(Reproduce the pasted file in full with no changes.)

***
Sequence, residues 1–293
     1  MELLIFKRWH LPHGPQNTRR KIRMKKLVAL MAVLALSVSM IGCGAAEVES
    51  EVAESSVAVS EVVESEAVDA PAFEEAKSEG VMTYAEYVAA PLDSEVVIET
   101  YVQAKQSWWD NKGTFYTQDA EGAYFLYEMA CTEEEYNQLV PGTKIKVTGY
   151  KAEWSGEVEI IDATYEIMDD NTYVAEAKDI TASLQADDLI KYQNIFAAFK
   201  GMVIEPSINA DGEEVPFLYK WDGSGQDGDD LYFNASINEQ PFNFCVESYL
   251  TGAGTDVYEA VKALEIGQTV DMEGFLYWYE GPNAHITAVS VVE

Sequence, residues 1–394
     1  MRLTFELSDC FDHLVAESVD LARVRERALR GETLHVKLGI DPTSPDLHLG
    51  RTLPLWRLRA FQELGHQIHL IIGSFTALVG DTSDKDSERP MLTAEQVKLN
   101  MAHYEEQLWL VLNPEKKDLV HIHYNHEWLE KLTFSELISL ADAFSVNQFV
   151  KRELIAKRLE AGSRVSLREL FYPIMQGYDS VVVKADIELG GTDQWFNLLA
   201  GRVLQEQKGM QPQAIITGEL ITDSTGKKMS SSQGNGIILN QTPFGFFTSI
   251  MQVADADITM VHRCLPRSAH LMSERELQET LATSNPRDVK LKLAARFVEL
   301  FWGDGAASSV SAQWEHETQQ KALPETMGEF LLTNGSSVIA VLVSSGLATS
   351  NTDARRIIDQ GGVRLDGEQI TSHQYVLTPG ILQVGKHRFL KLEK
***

Sequence, residues 1–293
     1  MELLIFKRWH LPHGPQNTRR KIRMKKLVAL MAVLALSVSM IGCGAAEVES
    51  EVAESSVAVS EVVESEAVDA PAFEEAKSEG VMTYAEYVAA PLDSEVVIET
   101  YVQAKQSWWD NKGTFYTQDA EGAYFLYEMA CTEEEYNQLV PGTKIKVTGY
   151  KAEWSGEVEI IDATYEIMDD NTYVAEAKDI TASLQADDLI KYQNIFAAFK
   201  GMVIEPSINA DGEEVPFLYK WDGSGQDGDD LYFNASINEQ PFNFCVESYL
   251  TGAGTDVYEA VKALEIGQTV DMEGFLYWYE GPNAHITAVS VVE

Sequence, residues 1–394
     1  MRLTFELSDC FDHLVAESVD LARVRERALR GETLHVKLGI DPTSPDLHLG
    51  RTLPLWRLRA FQELGHQIHL IIGSFTALVG DTSDKDSERP MLTAEQVKLN
   101  MAHYEEQLWL VLNPEKKDLV HIHYNHEWLE KLTFSELISL ADAFSVNQFV
   151  KRELIAKRLE AGSRVSLREL FYPIMQGYDS VVVKADIELG GTDQWFNLLA
   201  GRVLQEQKGM QPQAIITGEL ITDSTGKKMS SSQGNGIILN QTPFGFFTSI
   251  MQVADADITM VHRCLPRSAH LMSERELQET LATSNPRDVK LKLAARFVEL
   301  FWGDGAASSV SAQWEHETQQ KALPETMGEF LLTNGSSVIA VLVSSGLATS
   351  NTDARRIIDQ GGVRLDGEQI TSHQYVLTPG ILQVGKHRFL KLEK